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Revolutionary Acts by Jason Okundaye: celebrating the struggle of black gay men in Britain

Okundaye never assumes that any of the men he interviews were passive victims, writes Neil Dhanda
Revolutionary Acts by Jason Okundaye

Revolutionary Acts by Jason Okundaye

Jason Okundaye’s Revolutionary Acts is a wonderfully interwoven compilation of the stories of six black British gay men who lived from the late 20th century to the present. 

Okundaye approaches their histories through a series of interviews, which he conducts with love and reverence for the subjects. He stresses how celebratory accounts of black gay men are few and far between because “we’re always framed within the problematics of being black and gay”. 

Okundaye wanted to make sure that these conversations with what he calls our “queer elders” were published. 

He never assumes that any of the men he interviews were ever hopeless or passive victims. The title of his book, Revolutionary Acts, highlights the small and big acts of rebellion and radical love which kept an entire generation going. 

Nor does the book shy away from the reality of the bigotry and oppression which threatened to drive the men, their livelihoods and their cultures underground. 

He shows how homophobia was a daily reality thanks to colonial-era legislation in Africa and the Caribbean, Christian attitudes toward sexual expression and racist Tory government policies. He also looks at Section 28, the ravages of the HIV/AIDS epidemic and the Tories’ rampant funding cuts.

The first section of the book focuses on the activists Ted Brown, Dirg Aaab-Richards and Alex Owolade. The second one narrates the Brixton scene tales of Calvin “Biggy” Dawkins, Dennis Carney, Ajamu X and Marc Thompson. 

The thread running through the first part of the book is how people stood up and fought back. 

The west London Caribbean restaurant, The Mangrove, was a central organising hub for black activism but was also involved in mobilising for Gay Liberation Front marches. It demonstrates the potential for linking different struggles and the unity built between both movements

In 1994, the Tories were forced to reduce the age of consent for gay men from 21 to 18. This was due to campaigning by groups such as the Lesbian and Gay Young People, which comprised largely young black gay people. 

In the same year, the police stopped and boarded one of their buses which was outside Parliament. The police swiftly left because they were outnumbered, which demonstrated the importance of mobilising significant numbers. 

In April 1999, the Nazi terrorist David Copeland set off nail bombs in Brixton, Brick Lane and the Admiral Duncan gay pub in Soho, killing three people. 

Alex Owolade recalls beautifully how a subsequent march from Trafalgar Square was led by young black straight youth. When they reached the outside of the pub, all the black youth lifted their hands to salute all those gay people that were murdered.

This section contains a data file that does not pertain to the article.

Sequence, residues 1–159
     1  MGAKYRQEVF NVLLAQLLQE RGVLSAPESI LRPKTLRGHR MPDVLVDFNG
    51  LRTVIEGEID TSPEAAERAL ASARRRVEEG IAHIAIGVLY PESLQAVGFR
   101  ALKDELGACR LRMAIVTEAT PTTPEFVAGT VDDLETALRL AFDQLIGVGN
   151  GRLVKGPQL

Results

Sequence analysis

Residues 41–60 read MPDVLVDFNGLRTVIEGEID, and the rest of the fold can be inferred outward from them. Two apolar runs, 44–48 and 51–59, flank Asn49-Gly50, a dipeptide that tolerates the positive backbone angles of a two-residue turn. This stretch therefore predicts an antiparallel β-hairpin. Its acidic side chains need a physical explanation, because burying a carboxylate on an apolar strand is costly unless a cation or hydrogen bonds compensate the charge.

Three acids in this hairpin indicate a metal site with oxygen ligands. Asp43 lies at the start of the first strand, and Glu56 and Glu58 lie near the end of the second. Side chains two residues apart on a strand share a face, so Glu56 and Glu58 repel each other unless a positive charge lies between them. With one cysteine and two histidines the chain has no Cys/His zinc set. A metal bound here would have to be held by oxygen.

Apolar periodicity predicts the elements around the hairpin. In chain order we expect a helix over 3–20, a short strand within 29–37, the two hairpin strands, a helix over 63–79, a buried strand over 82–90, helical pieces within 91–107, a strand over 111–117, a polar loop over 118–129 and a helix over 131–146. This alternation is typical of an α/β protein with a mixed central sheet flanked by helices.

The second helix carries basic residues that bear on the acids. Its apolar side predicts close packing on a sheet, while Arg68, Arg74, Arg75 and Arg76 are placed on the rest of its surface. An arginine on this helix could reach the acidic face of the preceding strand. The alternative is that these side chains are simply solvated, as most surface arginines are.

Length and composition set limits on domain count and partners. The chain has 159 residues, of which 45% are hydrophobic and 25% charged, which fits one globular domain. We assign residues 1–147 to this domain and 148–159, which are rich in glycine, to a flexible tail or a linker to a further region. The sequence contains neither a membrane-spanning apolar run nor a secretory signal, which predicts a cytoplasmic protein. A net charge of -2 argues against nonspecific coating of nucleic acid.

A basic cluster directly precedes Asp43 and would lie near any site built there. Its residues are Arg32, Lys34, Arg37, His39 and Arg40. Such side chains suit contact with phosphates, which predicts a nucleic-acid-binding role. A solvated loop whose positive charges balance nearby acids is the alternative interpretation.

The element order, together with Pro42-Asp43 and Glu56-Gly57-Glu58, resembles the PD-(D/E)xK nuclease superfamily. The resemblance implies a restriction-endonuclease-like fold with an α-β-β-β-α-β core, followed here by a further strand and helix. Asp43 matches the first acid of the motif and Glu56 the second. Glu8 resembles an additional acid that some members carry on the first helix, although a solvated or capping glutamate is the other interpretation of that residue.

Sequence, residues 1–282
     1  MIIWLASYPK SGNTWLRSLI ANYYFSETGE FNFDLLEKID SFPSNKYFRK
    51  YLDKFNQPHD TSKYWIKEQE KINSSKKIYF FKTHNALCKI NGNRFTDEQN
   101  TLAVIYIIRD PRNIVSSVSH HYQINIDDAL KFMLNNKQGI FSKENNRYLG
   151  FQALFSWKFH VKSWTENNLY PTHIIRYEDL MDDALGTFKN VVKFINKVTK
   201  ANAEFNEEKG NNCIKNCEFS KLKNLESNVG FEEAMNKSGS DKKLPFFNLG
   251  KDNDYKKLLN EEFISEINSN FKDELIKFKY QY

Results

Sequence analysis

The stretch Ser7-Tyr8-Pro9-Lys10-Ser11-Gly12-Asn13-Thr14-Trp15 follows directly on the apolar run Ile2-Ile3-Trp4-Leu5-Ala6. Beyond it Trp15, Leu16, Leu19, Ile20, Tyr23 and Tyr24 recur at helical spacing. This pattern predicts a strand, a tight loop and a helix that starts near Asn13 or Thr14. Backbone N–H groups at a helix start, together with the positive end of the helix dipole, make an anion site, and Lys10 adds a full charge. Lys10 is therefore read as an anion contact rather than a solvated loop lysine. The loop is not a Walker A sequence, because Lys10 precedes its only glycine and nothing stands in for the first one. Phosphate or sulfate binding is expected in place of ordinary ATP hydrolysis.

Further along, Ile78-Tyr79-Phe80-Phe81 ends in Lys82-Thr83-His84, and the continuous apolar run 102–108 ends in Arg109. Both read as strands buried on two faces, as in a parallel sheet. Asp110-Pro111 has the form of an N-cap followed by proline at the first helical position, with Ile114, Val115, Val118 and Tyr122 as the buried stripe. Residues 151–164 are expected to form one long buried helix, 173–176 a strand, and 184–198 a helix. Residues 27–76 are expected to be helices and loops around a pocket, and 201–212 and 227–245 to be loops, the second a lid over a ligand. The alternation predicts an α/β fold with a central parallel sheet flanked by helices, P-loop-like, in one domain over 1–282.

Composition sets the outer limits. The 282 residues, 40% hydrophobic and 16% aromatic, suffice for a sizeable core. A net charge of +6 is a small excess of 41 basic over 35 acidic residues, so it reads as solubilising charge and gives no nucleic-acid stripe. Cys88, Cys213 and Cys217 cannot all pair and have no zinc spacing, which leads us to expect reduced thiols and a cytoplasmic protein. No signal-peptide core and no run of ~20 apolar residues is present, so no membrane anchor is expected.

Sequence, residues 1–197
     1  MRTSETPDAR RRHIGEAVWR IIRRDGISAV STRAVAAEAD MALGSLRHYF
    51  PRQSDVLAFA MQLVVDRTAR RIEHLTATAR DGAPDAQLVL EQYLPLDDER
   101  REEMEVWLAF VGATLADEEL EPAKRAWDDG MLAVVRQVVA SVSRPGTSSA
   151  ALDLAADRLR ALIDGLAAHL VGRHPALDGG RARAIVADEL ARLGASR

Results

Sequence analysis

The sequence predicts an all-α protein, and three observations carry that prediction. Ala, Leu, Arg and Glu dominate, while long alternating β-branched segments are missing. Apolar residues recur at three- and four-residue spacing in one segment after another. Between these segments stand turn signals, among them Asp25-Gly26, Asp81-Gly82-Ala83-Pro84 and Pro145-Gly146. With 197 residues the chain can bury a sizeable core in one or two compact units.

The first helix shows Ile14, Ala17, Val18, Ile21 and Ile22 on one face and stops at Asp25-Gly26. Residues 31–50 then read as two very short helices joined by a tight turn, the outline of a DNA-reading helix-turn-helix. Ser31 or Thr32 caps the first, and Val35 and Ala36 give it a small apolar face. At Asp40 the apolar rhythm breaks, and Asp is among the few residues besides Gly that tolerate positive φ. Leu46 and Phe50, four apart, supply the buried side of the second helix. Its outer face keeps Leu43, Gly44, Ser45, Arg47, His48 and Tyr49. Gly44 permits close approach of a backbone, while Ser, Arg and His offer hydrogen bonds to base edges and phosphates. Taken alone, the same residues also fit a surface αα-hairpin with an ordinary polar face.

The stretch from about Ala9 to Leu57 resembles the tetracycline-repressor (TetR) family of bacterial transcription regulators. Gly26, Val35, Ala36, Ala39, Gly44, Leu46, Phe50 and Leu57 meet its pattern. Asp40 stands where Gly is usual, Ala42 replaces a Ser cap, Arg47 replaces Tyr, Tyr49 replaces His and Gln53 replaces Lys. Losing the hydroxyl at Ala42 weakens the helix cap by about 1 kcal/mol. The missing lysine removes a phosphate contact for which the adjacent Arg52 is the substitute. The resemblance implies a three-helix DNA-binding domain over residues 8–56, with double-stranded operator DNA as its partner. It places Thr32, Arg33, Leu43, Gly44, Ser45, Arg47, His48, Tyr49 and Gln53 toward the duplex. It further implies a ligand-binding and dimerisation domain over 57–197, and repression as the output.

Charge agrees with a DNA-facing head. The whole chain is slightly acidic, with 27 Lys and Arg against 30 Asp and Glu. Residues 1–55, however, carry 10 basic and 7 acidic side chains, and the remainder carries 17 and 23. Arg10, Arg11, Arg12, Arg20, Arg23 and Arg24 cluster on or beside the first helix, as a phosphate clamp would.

Owolade explains how he supported striking workers from a young age and his mum taught him that “the rich and powerful are your enemies and that working class solidarity is crucial”. 

Other interviewees like Dirg Aaab-Richards brought black gay people together in the Friday Group, so that they could look after one another during turbulent times. Mutual support was very important, of course, but Owolade took things a step further and pressed attendees to actively defend the interests of the marginalised and oppressed. 

The black newspaper, The Voice, published an article stating that black footballer Justin Fashanu’s coming out was “an affront to the Black community” in 1990. Owolade organised a boycott of the paper against this article and against the paper’s demeaning of black women and LGBT+ people. 

The second part of the book unashamedly celebrates the love, sex and dance floors of Brixton. The “elders” reveal how now disused toilets were once bustling “cottaging” hangouts for men seeking brief encounters, but also for those wanting companionship and conversation. There are very tender stories of relationships cut short by the HIV/AIDS epidemic along with moving exchanges of poetry and letters between lovers. 

Marc Thompson, a black sexual health campaigner, recalls memories with a deep sense of emotion but also a sense of humour. It makes for an engaging and entertaining read. 

Ajamu X, a daring and radical artist, is celebrated for his photography showing the eroticism of black bodies. Ajamu is eager to stress that black people should not just be seen as oppressed because this is limiting. But his very playful and flirtatious personality provides a freshness that the author successfully communicates to his readers. 

Ultimately, this is an important book that captures an era in Britain’s history which has not been told before in such detail. 

The first-hand accounts shine a light on the fun and enjoyment they had as well as the significant struggles—and links between struggles—against an oppressive state. Revolutionary Acts deserves to be widely read and enjoyed.

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